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You always see beauty in rocks ... beauty which only increased with the addition of human effort to it ... and it was immense presence the human effort in the caves of Ajanta and Ellora which makes you stop and think about what might have inspired those unknown artistes to carve out these masterpieces out of rocks.


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Home :: Buddhist Caves in India

Buddhist Caves in India

The date April, 1819 has been recorded on a copper plate and we remember the date and name written on it ... and that's not without reason. The man, John Smith would otherwise have remained a nondescript soldier of the British Army but for the moment when he was amazed by what he saw in a remote place near Aurangabad, Maharashtra in India. Though he was looking for a tiger, he instead found a series of 29 caves which were carved deep into the horseshoe shaped cliff located only a few miles away from the old walled town of Ajanta.

It is now a UNESCO world heritage site along with Taj Mahal. These caves were carved from 2nd century BC to 6th century AD. These caves are dedicated to Lord Buddha whose followers used to reside here and study the religion. It is believed that they have decorated these caves with their excellent architectural as well as artistic skills. The Ellora caves are located in the Charanadari hills in Deccan and these are also a series of ancient temples and monasteries hewn out of the mountainside.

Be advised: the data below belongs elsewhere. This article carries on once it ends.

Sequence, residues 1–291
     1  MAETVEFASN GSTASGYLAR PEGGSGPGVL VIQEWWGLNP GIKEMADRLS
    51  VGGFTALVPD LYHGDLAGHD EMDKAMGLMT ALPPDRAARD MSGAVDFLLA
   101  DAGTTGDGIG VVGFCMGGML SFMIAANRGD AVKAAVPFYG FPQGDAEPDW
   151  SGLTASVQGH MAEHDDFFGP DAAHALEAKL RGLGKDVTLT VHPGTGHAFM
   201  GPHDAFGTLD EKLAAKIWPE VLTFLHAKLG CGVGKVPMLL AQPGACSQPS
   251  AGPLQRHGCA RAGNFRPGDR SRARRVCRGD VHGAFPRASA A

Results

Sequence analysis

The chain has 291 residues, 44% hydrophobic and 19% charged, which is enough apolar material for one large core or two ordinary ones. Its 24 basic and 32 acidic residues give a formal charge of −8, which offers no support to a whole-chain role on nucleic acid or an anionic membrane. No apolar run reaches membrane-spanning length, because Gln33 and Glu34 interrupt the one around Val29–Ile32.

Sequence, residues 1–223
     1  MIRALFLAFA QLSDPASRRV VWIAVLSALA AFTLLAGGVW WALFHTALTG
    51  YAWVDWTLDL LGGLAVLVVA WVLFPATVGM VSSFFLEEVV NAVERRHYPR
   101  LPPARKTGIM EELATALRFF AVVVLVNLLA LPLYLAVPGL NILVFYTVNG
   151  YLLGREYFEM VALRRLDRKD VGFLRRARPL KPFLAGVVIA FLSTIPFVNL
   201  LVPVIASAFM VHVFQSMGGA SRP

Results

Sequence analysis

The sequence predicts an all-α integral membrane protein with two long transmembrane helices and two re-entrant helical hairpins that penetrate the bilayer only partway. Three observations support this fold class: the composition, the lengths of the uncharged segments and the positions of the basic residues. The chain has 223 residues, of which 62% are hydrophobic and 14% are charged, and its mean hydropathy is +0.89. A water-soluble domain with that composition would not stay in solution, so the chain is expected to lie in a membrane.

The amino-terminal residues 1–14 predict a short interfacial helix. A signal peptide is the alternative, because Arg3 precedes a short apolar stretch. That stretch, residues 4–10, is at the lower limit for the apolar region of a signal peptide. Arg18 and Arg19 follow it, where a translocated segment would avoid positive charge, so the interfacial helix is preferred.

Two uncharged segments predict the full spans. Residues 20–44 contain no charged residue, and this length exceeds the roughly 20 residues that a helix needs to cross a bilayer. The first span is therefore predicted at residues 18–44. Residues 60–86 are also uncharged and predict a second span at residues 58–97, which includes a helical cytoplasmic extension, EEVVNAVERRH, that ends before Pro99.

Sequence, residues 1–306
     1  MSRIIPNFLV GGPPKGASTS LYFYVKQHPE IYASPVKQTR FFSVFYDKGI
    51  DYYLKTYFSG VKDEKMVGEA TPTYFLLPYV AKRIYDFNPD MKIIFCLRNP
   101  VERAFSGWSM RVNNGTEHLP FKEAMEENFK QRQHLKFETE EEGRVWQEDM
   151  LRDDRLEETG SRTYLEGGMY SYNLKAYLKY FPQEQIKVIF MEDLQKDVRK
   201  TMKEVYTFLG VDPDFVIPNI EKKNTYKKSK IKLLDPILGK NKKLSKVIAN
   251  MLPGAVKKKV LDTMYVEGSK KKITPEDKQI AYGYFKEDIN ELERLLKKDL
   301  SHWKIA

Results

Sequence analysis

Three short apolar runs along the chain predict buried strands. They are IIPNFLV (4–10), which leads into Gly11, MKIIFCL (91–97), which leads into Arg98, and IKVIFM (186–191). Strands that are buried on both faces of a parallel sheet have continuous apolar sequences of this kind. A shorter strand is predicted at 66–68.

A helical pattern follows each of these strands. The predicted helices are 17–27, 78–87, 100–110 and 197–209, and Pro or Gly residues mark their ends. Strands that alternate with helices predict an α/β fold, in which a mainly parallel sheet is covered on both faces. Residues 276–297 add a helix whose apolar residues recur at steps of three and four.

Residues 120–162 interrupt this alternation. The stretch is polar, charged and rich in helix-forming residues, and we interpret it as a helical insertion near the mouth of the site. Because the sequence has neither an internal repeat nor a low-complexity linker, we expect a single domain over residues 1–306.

Ajanta Caves
Lying 101 km north of Aurangabad in Maharashtra, the Ajanta Caves epitomize the brilliance of the Buddhist art and architecture. The Ajanta Caves stand for the entire evolution of the Buddhist architecture. The caves were cut out of the volcanic lava of the Deccan.



Ellora Caves
Carved between 350 AD and 700 AD, the Ellora Caves are located at a distance of 30 km from Aurangabad. The caves are wonderful pieces of history representing three faiths - Buddhism, Hinduism and Jainism.



Karla Caves
Karle Caves near Lonavala (Maharastra) are the excellent example of Hinayana sculpture of Satvahana period. The caves can boast to house the largest and the most preserved Chaityas in India. Most welcome to you all to have a glimpse of the masterpiece.



Kanheri Caves
Dating back to 1st century BC. to 9th AD, Kanheri Caves, near Mumbai, are the finest examples of Buddhist sculpture in western India. These caves have many Chaityas and Viharas containing numerous idols, paintings and inscriptions. Come and discover more.



Junnar Caves
Junnar Caves, near Pune, are said to be the excellent example of rock-cut circular shrines in India. These around 100 caves are divided into three groups-Tulija Lena, Ganesha Lena and Buta Lena, presenting the panorama of Buddhist excellence in art.



Pandavleni Caves
The group of Buddhist and Jain Caves, dating back to 1st century BC to 2nd century AD is located at Trirashmi Hills, near Nasik, Maharastra. The place was used to give the sermons to the disciples. Tourists love the place as the place leaves a soothing effect on them.




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